Elizabeth Pulie: #117 (Survey)
- When 15 Jan - 10 Apr 2022
CNR OXFORD ST & GREENS RD PADDINGTON NSW 2021
WED TO FRI, 10AM–5PM; SAT TO SUN 12PM-5PM
+61 2 8936 0888
‘#117 (Survey)’ is Australian artist Elizabeth Pulie’s first survey exhibition, mapping 30 years of practice. The exhibition includes works from Pulie’s distinct, self-assigned conceptual projects: Decorative Paintings (1988–99), Relational Art (2002–06) and End of Art (2012–ongoing), alongside ancillary Interim Works (1997–2012). Arranged according to these projects, the exhibition abides by the frameworks set by Pulie in her ever-building thesis on art and, in so doing, illustrates her philosophical approach to practice. The survey itself is assigned a number within the End of Art project, interpreted by Pulie as a collaborative work between artist and curator, and an opportunity to examine the function of exhibition-making.
Since 1988, Pulie has pursued a definition of art through a conceptual and discursive practice that interrogates the role of the artist, gallery, and artwork. To date, Pulie has produced paintings, drawings, installations, collages, videos, and events, and has published magazines, interviews, and essays that address the social and political dimensions of art in a context where everything has the potential to be art. Pulie tests perceived problems or limits for art, including its commodification, decorative uses, and extreme openness to form. Her work also considers the amalgamation of art and life, hypothesising the endpoint of art in the contemporary context.
‘#117 (Survey)’ also premieres a new video project by Pulie commissioned by the UNSW Galleries Commissioners Circle. #118 (Heaven in Love) 2021 documents Pulie’s movement through the Calligraphy Yoga sequence ‘Heaven in Love’, which she has practised since 2014. The work combines her parallel practices of yoga and art, and functions as a musing on what it means to be a contemporary artist and make contemporary art.
Curator: James Gatt
A comprehensive reader compiled by Elizabeth Pulie and James Gatt brings together texts produced or co-produced by the artist since 2001 when Pulie began writing as part of her practice. The texts include reviews, interviews, and essays previously published for exhibitions, conferences, and art magazines, including Pulie’s self-published Lives of the Artists (2002–05). The reader forms a crucial part of the exhibition, addressing the social and discursive dimensions of Pulie’s practice from her Relational Art and End of Art projects that the survey cannot otherwise present. Available at UNSW Galleries for $10.00.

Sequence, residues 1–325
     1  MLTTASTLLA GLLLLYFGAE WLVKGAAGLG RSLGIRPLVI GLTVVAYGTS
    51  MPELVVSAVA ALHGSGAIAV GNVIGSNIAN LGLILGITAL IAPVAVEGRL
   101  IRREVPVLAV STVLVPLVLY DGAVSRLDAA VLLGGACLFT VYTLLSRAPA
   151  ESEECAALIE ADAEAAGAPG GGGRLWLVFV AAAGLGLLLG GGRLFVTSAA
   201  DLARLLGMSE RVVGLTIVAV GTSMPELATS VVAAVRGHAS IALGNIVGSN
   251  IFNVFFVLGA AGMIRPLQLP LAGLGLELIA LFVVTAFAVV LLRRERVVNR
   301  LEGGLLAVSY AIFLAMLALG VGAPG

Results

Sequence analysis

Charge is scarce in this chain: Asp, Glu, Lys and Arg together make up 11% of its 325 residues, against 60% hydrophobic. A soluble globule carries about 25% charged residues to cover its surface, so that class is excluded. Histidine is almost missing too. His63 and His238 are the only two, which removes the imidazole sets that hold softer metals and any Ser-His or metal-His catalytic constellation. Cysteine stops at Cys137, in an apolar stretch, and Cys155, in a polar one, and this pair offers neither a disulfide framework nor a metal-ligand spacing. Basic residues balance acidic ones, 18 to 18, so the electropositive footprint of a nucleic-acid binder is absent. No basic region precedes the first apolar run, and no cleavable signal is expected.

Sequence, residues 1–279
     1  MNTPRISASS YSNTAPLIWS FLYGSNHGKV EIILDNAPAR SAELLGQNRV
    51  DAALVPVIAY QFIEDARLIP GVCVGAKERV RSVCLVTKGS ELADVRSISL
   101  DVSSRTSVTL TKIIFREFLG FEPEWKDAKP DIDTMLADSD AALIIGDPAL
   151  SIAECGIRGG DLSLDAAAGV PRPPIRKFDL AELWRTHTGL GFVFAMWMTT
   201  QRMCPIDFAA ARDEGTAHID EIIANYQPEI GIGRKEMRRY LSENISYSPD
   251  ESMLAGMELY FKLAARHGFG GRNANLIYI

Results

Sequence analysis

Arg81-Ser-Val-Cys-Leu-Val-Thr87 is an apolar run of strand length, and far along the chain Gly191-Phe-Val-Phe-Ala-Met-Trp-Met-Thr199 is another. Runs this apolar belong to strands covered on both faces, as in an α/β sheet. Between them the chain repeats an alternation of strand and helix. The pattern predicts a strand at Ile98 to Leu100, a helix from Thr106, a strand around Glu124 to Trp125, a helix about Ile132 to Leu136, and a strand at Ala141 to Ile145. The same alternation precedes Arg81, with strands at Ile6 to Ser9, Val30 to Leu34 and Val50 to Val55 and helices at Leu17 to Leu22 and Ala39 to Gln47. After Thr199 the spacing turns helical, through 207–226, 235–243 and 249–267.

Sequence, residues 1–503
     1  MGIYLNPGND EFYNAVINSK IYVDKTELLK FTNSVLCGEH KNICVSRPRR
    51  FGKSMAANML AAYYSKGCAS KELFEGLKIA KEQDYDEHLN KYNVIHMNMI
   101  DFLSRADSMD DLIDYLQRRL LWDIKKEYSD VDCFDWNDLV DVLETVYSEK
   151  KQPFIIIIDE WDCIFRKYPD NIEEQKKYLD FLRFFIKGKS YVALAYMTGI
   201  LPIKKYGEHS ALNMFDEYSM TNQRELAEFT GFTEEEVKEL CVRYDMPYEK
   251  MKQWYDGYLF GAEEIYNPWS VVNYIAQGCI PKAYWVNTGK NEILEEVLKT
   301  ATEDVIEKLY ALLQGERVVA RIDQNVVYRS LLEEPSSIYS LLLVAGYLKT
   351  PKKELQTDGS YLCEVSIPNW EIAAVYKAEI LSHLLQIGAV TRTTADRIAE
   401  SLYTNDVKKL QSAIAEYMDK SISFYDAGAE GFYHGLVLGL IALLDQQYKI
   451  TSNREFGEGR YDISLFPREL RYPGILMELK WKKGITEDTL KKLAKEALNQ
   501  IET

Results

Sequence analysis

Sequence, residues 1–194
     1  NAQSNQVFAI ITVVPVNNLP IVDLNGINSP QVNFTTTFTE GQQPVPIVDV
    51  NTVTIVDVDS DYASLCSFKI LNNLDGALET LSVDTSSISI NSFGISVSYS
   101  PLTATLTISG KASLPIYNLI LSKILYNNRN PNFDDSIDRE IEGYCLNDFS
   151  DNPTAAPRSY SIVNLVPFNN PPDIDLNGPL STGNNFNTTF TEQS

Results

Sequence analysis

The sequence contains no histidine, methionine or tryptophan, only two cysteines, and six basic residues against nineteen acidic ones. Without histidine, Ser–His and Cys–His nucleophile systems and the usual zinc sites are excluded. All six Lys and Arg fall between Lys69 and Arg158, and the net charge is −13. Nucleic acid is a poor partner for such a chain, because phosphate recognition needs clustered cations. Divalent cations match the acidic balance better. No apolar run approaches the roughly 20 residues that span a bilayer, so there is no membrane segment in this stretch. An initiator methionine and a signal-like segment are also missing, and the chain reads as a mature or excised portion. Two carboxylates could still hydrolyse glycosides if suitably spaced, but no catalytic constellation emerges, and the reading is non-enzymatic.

Developed with the support of the UNSW Galleries Commissioners Circle, this online archive provides a comprehensive overview of Elizabeth Pulie’s practice, cataloguing her conceptual projects and writings since 1988. www.elizabethpulie.com
1.00pm Sun 23 Jan, 20 Mar & 10 Apr 2022 | UNSW Galleries
Join James Gatt for an intimate walkthrough of the exhibition and hear about key works and significant developments in Elizabeth Pulie’s practice
Crisis of the Contemporary
3.00pm Sat 12 Feb 2022 | UNSW Galleries and online at unsw.to/galleries
Join Elizabeth Pulie and James Gatt for a discussion on the challenges of approaching a definition of art in a post-conceptual context, and the paradoxes inherent in making contemporary art. The talk draws on ideas from Pulie’s essays since 2014, which tackle the philosophical dilemmas of contemporary art’s radical openness to form, and its function as a perceived endpoint of modernism.
Waves of Thought – Conceptual to Postconceptual Practice
3.00pm Sat 26 Feb 2022 | UNSW Galleries and online at unsw.to/galleries
Join Elizabeth Pulie, James Gatt and conceptual artist and cultural activist Ian Milliss for a discussion on the role of art and artists in society, and map an intergenerational lineage of conceptual art in Australia. Milliss will also revive Pulie’s magazine Lives of the Artist during the exhibition, editing the publication’s 11th issue.
Banner: Elizabeth Pulie, ‘Decorated Wall (One hundred and twenty-five to One hundred and forty-nine)’ 1995. Acrylic on canvas. Collection: Museum of Contemporary Art Australia. Purchased with the assistance of Dr Edward Jackson AM and Mrs Cynthia Jackson AM, 1996. Image courtesy of the artist and Museum of Contemporary Art Australia